January 11, 2006
by Canadian Architect
Following the overwhelming response to the inaugural London Architecture Biennale in 2004, the celebration will return this summer from June 17-25, 2006, on a vastly increased scale covering a wider geographical area, involving even more prestigious names and organizations and linking with national events including Architecture Week, Cycle Week and Sustainability Week.
London Architecture Biennale will once again centre around the Smithfield area but will extend its reach to include a route connecting King’s Cross and Bankside. Talks, exhibitions, walks, film screenings, parties, debates, artworks. Thames events and an awards ceremony will reflect the Biennale’s aim to celebrate diverse creative talent in London and to bring that talent to bear on real issues that confront the city today. The London Architecture Biennale will for a 5-kilometre-long architecture exhibition along the Biennale Route.
Plans for the nine-day programme, which include invited contributions from architects and planners around the world, include:
*a King’s Cross to Borough Market walking and cycling route dotted with interventions, events and guided tours
*an inaugural sheep drive across the Millennium Bridge
*an exhibition on the Millennium Bridge to include exclusive material from Biennale President and author Peter Ackroyd and designed by Arup and Fosters
*talks and events by internationally acclaimed architects at venues including the Barbican and Sadler’s Wells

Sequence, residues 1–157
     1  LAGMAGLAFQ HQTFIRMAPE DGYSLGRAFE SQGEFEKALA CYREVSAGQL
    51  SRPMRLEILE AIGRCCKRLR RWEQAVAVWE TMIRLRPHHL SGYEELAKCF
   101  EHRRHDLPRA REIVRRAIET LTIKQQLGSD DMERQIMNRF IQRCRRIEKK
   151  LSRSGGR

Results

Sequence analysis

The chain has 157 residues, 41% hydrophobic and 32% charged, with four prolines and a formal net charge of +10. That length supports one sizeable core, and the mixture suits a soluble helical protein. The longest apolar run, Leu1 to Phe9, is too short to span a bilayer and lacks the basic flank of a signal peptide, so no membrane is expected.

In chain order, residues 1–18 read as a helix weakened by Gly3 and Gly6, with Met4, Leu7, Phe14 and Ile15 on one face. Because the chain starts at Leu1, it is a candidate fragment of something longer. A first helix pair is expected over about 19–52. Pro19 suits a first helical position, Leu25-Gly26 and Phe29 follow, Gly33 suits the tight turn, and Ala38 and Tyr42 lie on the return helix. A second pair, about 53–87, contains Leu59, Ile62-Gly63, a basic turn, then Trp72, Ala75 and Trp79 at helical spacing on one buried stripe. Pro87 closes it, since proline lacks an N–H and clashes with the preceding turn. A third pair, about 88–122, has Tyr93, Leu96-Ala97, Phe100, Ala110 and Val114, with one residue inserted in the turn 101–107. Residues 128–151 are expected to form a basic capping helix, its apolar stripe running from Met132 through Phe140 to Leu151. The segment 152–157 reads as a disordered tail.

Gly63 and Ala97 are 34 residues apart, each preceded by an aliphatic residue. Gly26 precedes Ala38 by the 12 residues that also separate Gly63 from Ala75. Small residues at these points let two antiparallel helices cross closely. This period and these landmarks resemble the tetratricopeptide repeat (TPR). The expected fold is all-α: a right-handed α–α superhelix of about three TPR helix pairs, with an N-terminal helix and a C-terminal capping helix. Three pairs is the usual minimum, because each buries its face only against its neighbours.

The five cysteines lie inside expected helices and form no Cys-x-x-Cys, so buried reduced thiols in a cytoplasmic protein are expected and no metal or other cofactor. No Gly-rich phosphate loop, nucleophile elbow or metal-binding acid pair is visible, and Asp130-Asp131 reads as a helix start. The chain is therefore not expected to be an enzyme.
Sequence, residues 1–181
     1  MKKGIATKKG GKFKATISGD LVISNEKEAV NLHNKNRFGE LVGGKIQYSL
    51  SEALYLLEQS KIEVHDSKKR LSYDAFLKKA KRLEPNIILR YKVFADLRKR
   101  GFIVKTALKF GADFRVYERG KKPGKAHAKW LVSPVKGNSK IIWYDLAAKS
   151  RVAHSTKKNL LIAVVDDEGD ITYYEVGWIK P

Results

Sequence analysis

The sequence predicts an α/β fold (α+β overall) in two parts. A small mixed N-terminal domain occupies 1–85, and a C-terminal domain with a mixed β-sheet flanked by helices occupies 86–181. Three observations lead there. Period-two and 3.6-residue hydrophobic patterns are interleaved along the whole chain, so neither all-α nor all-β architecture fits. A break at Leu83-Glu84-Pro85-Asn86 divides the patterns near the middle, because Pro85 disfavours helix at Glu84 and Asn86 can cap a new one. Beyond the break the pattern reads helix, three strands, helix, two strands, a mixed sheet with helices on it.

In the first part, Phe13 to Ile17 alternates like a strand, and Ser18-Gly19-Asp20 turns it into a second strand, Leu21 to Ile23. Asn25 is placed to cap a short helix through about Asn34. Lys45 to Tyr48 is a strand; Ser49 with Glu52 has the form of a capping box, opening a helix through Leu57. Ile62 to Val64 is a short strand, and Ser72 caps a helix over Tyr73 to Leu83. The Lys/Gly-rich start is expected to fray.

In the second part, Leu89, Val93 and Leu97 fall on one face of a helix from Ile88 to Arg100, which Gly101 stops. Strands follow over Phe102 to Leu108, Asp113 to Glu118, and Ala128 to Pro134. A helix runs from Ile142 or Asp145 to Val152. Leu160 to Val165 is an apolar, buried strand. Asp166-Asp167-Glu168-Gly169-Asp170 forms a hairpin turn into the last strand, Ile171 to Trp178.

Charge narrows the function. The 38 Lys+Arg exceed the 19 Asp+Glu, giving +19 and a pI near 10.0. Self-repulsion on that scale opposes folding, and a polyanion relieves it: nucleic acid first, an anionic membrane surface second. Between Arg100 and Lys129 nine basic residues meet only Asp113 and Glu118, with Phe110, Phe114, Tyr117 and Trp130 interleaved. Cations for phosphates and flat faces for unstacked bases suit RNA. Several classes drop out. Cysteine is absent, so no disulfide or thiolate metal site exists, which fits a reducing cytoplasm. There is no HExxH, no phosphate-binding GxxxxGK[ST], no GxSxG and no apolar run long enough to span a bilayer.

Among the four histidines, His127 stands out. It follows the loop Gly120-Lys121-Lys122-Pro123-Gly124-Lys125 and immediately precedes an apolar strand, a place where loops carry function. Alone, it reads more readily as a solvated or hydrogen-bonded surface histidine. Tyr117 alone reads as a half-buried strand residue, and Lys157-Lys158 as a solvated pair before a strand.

*a Biennale Film Series at the Barbican
*artists’ projects organized by Tate Modern and the British Library
*events and temporary interventions in open spaces including Paternoster Square, Clerkenwell Green and Exmouth Market
*”The Laws of Beauty” talk by author/broadcaster Alain de Botton
*a National Architecture Student Festival including the creation of temporary and permanent structures inspired by their immediate surroundings
This year’s theme of “Change” gives a focus for the Biennale events from change in the physical infrastructure and landscape of the city (including the major developments at King’s Cross and Elephant & Castle), to change in buildings and architectural form; from change in the public’s interaction with the built environment, to the change in urban markets the current vogue for shopping at the historic food markets of Borough and Smithfield and the constant shifting of the City’s financial markets.
The Biennale headquarters will be sited in Smithfield House; Smithfield was the site of the ancient St. Bartholomew’s Fair, a contemporary recreation of which will launch the London Architecture Biennale, a festival designed to increase understanding of London and the forces that shape it.
For more information, please visit www.londonbiennale.org.uk